” They are a bit more expensive.” Of course, you pay for luxury.

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We skip the ongoing Yoga class by the big infinity pool even though the pool beckons us with its breathtaking beauty and go to the houseboat waiting for us. It’s the time for water.  Lucy and Tim go for a massage.

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I am a seasoned houseboater. I love the initial slight sense of suffocation when confined by the water, and the final calm and relaxation only offered by the expanse of lake.  Water leaves you with no choice but to surrender and relax. We have a bright sky and the usual birds circling by. Passing houses on either side of a canal, we set out to the lagoon. People go about their daily chores, uninterested in us. Some women clean their fish, some are washing clothes, children bathe in the lake. A whole ecosystem is here, untroubled by external interference.

Passing them, we enter the lagoon. Soon, we are reclining on our chairs, occasionally raising our eyes from a book to gaze at the calm lagoon. We have a crew of three, one man at the wheel,  a chef, and another man just to attend to all our whims. For lunch, we have Karimeen wrapped in banana leaf and fried in Kerala masala along with rice and vegetables – and of course cold beer from the ice box we took along. Sheer Umami!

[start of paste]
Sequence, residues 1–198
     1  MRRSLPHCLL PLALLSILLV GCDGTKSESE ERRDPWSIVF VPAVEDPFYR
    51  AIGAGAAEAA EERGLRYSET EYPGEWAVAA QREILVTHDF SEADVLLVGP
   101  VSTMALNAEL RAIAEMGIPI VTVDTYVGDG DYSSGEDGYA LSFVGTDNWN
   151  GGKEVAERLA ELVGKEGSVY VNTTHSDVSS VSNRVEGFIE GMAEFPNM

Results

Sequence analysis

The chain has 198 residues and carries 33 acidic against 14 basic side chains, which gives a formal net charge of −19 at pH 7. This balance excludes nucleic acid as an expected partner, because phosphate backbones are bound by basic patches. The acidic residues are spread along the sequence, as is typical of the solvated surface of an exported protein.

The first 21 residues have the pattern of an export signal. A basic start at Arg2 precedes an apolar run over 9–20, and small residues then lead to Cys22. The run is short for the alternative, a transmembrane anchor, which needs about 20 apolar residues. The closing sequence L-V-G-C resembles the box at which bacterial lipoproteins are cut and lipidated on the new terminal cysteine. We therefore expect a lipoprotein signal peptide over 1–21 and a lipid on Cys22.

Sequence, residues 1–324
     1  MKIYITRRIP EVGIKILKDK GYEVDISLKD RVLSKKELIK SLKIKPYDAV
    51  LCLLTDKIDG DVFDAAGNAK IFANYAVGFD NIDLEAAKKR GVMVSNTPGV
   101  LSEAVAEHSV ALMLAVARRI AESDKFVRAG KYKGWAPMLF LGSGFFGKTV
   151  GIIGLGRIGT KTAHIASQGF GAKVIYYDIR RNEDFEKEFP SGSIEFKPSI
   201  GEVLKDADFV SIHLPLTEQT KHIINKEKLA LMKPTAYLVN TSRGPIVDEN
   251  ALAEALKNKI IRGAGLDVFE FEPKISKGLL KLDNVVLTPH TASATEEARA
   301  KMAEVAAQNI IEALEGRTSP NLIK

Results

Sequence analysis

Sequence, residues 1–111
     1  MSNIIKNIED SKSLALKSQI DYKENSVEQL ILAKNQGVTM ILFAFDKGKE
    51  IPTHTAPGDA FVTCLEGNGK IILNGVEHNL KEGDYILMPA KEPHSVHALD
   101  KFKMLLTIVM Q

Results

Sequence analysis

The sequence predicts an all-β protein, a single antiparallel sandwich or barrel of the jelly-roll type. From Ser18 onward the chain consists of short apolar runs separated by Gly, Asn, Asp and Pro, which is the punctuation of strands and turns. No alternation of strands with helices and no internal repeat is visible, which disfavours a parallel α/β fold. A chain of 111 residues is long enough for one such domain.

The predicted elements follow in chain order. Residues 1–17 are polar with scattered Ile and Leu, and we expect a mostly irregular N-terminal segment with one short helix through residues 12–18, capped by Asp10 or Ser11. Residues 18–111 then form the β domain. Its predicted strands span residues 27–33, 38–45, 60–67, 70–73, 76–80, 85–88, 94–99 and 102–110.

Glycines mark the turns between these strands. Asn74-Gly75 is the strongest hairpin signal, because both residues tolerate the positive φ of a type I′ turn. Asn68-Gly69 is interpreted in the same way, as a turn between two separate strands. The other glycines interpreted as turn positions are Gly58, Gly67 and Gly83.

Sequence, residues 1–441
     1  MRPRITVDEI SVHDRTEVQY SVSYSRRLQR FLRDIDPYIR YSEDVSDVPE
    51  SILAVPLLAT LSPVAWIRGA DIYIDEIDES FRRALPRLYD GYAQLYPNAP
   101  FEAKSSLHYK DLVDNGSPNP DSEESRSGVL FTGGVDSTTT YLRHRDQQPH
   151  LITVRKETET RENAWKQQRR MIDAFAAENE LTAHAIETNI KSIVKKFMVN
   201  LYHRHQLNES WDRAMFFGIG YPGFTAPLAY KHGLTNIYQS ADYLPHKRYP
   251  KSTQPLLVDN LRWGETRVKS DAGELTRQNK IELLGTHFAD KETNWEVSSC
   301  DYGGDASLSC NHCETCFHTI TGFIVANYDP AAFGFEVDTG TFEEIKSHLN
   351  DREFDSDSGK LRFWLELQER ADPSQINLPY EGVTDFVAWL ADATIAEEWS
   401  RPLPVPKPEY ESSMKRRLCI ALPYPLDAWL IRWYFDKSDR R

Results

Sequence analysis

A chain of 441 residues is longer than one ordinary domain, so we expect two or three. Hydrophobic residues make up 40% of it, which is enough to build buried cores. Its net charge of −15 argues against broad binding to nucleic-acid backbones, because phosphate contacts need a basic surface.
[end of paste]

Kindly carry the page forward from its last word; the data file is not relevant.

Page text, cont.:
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The stillness is therapeutic. After a long day of idling, reading and relaxing and being embraced by the incessant breeze and the life of the lake, it’s evening. The setting sun turns the lake to gold. Birds fly by leaving their day’s abode. We are back in the canal to berth for the night. We have a delicious dinner in the house boat. The lamps in distant homes flicker out one by one, the silence broken only by our conversation and the symphony of crickets and toads. Soon the water rocks us to sleep like a giant cradle. We sleep.

Waking feels blissful. Morning is eventful at the lake. Birds are busy. All the households are hives of activity. About eight o’clock, sorry to leave such beauty, we start our return journey. Back at the resort, we have a soothing shower. The architecture of the place blends ingeniously with the surroundings, I noticed while in the shower. Water surrounds us. The villas are almost floating on the water, the resort seeming like an extension of the lake. I felt like a merman who just came on dry land from water.